Is it true that a debt of more than $500 must have a written contract in order to be legally enforceable?

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Is it true that a debt of more than $500 must have a written contract in order to be legally enforceable?

I was given some money to help me out of a financial situation. I verbally agreed to pay it back but I didn’t say how much monthly or how long I would take to pay it back. I started paying $200 per month in January of this year. When I missed April’s payment a court case was filed after several harassing nasty phone calls and text messages. I plan on getting the case and answering it. However I was wondering what legal ramifications this may carry as I do not want my check garnished or credit damaged by a judgement being rendered.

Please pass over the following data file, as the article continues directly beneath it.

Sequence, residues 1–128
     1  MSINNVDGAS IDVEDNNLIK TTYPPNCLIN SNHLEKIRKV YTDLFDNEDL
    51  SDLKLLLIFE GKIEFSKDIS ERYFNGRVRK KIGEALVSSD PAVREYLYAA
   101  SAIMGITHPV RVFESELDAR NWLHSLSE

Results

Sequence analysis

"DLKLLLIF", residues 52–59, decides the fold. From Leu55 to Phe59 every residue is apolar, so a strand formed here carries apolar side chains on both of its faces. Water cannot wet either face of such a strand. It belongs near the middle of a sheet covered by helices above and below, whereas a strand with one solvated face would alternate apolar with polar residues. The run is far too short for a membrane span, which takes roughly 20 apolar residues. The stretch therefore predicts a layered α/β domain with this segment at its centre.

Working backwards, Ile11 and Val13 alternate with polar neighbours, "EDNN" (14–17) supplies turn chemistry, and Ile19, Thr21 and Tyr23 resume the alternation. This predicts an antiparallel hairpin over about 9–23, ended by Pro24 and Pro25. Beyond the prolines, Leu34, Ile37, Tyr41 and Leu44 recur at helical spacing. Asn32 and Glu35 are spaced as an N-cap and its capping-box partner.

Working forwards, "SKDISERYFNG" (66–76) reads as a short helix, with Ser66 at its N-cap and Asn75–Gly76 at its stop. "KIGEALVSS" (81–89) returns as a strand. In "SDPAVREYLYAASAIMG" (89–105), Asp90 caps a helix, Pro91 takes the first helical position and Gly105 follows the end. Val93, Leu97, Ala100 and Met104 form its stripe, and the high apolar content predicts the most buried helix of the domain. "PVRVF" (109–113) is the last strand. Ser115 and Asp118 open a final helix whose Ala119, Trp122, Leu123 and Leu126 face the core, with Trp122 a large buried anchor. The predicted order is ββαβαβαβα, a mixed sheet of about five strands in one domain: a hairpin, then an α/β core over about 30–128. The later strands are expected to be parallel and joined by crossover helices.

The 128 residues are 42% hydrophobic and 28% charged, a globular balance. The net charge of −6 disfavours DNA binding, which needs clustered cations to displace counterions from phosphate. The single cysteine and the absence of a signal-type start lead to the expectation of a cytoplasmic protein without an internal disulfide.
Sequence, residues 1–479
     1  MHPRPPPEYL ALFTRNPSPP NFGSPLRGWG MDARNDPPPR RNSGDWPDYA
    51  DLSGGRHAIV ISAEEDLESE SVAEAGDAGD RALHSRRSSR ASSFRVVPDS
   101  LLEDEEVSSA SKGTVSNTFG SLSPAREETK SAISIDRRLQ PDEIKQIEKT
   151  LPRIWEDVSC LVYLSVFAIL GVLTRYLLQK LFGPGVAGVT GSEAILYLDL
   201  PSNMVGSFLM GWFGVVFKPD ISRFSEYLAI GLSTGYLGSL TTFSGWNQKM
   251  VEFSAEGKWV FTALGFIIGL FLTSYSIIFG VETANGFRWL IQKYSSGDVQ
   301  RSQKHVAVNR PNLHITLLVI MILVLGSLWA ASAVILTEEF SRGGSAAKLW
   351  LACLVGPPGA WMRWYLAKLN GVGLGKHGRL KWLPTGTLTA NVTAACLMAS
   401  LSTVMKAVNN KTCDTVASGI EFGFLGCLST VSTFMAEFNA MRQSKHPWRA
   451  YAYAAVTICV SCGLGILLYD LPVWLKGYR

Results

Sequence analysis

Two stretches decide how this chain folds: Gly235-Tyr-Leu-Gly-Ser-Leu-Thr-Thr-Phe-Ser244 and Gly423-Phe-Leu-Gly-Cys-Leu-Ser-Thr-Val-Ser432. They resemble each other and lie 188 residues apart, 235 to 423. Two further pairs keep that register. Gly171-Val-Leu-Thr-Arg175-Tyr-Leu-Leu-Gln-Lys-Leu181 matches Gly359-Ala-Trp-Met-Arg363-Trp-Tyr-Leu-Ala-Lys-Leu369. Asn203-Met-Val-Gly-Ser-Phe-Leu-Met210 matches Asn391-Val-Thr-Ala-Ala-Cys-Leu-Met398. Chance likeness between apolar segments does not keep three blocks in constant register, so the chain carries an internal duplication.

Asked on April 18, 2011 under Bankruptcy Law, Georgia

Answers:

M.T.G., Member, New York Bar / FreeAdvice Contributing Attorney

Answered 10 years ago | Contributor

The theory of law that you are alluding to here is known as the Statute of Frauds.  It means that certain agreements must be in writing in order to be enforced under the law.  Generally speaking, contracts for the sale of real property have to be in writing in order to be valid. As for the issue you are asking about, it may be state specific so I would double check with an attorney in your area.  The matter can come up under many areas of the law: landlord tenant proceedings, contracts, real property, etc.  If the matter is not governed by the statute of frauds then the enforcement of an oral contract is what would be happening.  And if the other party can prove it then a judgement can indeed be rendered against you and collection in any form the state allows.  Get help.  Good luck.


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